What Did I Do Wrong?

It would seem that new moms are eager to blame themselves for an unfortunate roll of the dice. After all, as mothers it is our sworn duty to protect our children—no matter the cost. If a baby is born premature or with some disability, we somehow blame ourselves—but it doesn’t necessarily mean there was anything that was done wrong. This is the roll of fate at times. Thank goodness for the amazing care babies receive in the NICU! We don’t always have a good reason for why one baby decides to come at 32 weeks, but another has to be coaxed out at 42.

Let me just say that prematurity is one of about a gazillion things parents can blame themselves for that don’t go the way we had planned. Of course when you found out you were pregnant the image in your mind was of a perfect baby. Sometimes they don’t come out that way—sometimes we don’t realize their differences until much later, and then we wonder what we did wrong all over again. Indeed, that ideal baby that takes form in our heads throughout pregnancy—doesn’t actually exist! Finding space to accept a child just as they are can take time and sometimes a lot of soul searching. We are each unique in our own way.

I think there can be this sense that if we just knew what we did wrong, or why some part of our child’s experience is not perfect—then we could somehow fix it. But that’s a false sense of security. You can’t actually undo a birth defect or difference—you just have to learn how to move forward—cleft lip, club foot, six fingers, ADHD, not the gender you expected—whatever. Sometimes surgery or treatment is useful, sometimes babies and parents just have to learn how to adapt.  Babies are amazingly resilient. In all likelihood you probably didn’t do anything wrong to cause whatever is not perfect with your baby. There’s a certain roll of the dice at play in baby making.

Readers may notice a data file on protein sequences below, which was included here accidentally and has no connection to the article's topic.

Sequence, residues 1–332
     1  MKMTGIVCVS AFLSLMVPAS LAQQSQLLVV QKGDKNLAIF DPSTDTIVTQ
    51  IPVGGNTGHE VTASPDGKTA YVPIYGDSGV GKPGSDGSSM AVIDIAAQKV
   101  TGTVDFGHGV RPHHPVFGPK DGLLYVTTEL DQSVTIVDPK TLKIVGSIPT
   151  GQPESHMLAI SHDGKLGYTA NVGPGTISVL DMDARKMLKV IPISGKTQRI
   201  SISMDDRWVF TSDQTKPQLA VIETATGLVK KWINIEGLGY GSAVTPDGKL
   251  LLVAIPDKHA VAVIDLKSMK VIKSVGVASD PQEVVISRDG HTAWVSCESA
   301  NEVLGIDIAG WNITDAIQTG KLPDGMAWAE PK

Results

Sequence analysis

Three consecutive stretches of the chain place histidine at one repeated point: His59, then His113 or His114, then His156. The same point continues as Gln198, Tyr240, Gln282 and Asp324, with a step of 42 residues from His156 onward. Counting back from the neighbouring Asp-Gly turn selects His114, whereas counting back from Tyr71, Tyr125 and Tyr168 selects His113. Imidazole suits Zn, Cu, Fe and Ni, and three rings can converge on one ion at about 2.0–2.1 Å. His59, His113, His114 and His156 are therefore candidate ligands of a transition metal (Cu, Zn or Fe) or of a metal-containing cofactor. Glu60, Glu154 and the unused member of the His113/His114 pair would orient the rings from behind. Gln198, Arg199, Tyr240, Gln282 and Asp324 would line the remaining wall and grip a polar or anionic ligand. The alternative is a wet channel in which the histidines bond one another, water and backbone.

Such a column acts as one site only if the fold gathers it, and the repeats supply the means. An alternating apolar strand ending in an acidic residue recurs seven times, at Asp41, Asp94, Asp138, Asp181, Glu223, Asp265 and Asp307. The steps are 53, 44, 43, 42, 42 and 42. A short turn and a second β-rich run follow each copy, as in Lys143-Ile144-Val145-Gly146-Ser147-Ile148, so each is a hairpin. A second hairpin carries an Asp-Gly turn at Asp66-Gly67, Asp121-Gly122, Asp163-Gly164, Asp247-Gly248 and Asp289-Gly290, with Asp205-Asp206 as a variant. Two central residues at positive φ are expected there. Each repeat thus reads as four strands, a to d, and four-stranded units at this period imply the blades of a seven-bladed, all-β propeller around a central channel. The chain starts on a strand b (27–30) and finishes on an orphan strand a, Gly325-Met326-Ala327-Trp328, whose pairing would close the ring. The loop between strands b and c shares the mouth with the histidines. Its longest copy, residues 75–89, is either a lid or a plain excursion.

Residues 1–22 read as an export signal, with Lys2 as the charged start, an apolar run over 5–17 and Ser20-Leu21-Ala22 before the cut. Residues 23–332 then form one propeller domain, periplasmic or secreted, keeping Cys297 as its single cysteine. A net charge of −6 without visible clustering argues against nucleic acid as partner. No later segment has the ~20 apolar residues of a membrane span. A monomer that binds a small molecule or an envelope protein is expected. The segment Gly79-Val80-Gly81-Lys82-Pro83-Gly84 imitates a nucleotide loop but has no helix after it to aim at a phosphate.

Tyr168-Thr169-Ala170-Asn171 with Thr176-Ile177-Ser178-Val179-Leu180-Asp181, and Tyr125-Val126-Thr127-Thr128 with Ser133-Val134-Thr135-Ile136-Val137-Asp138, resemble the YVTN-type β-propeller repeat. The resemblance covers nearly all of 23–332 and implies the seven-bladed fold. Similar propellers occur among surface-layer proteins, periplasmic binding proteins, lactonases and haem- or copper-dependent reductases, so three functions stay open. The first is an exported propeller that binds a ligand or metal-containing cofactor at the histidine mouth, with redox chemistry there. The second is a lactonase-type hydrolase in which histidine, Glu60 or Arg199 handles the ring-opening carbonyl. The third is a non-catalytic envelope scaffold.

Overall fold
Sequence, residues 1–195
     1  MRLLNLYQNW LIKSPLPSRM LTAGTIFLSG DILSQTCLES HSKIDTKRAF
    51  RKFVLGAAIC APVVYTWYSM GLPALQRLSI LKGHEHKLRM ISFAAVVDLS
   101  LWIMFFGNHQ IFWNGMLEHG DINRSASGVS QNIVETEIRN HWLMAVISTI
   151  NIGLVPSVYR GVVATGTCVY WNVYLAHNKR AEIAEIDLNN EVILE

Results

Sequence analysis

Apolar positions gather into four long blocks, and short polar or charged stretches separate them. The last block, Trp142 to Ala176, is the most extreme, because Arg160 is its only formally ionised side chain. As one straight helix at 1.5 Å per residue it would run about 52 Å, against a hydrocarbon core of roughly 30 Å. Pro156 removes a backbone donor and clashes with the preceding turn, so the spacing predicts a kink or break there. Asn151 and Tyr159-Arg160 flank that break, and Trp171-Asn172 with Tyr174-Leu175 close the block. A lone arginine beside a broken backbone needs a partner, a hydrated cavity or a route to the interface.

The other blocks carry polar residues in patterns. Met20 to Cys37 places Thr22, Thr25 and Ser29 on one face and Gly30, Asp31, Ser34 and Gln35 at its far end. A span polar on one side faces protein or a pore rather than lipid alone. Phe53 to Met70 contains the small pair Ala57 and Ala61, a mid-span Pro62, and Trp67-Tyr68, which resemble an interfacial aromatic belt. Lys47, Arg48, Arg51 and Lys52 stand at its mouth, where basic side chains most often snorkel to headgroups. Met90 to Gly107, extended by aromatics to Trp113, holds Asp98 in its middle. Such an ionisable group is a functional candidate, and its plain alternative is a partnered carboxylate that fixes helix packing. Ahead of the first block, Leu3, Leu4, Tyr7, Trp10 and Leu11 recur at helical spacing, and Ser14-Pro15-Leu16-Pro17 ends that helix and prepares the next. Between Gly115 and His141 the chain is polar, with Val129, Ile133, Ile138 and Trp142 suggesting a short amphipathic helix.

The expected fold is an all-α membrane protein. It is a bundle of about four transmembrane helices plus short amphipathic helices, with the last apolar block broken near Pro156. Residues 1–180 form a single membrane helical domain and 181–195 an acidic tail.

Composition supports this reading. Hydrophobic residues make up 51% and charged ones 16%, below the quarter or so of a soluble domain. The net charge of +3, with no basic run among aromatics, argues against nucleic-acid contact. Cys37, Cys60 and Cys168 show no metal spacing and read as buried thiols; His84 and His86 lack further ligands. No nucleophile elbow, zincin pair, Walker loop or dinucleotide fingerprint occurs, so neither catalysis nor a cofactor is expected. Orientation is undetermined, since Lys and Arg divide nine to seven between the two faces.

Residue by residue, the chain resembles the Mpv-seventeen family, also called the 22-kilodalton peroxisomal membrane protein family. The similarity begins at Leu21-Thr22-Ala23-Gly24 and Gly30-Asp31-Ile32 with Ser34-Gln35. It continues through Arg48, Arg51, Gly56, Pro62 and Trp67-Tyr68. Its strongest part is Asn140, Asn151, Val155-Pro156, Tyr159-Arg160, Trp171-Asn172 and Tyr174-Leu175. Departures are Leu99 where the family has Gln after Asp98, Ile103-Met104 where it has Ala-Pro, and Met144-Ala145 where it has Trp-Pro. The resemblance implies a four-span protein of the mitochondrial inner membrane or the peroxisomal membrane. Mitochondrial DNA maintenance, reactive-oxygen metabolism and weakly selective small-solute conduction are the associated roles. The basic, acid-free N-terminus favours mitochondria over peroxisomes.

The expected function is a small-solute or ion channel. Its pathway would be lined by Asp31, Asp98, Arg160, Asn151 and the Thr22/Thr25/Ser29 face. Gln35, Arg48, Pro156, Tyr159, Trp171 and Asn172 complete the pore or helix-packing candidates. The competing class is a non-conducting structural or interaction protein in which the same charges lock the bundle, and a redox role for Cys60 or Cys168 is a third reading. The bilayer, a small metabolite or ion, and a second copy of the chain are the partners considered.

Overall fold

I’ve watched a baby with a very tight tongue tie—figure out how to nurse, when I thought for sure she would need help. I’ve watched jaundiced, preemie babies struggle to stay awake long enough to get adequate nutrition. But their mothers persevered and eventually they got through that tough time. Two babies at once? Don’t think you could do it? Neither did the parents of twins—until they had to, because there just wasn’t a choice. You don’t really know what challenges you can take on—until the situation comes up and you have to figure out how to deal. (Ah—labor is very much like this, but that’s for another post).

With a bit of luck, the challenges of parenting can help you come to a place of empowerment. I sometimes look at my incredibly energetic boys (one of my own personal challenges) and say to myself—“I’m just not cut out for this”. At other times I can say—“If I can take this on and not lose it—I can do just about anything!”

Love your babies and take the best care of them you can. Forgive yourself when you are not perfect – I guarantee that no matter how well put together that other parent seems, they are not perfect either and we each have our difficulties and challenges.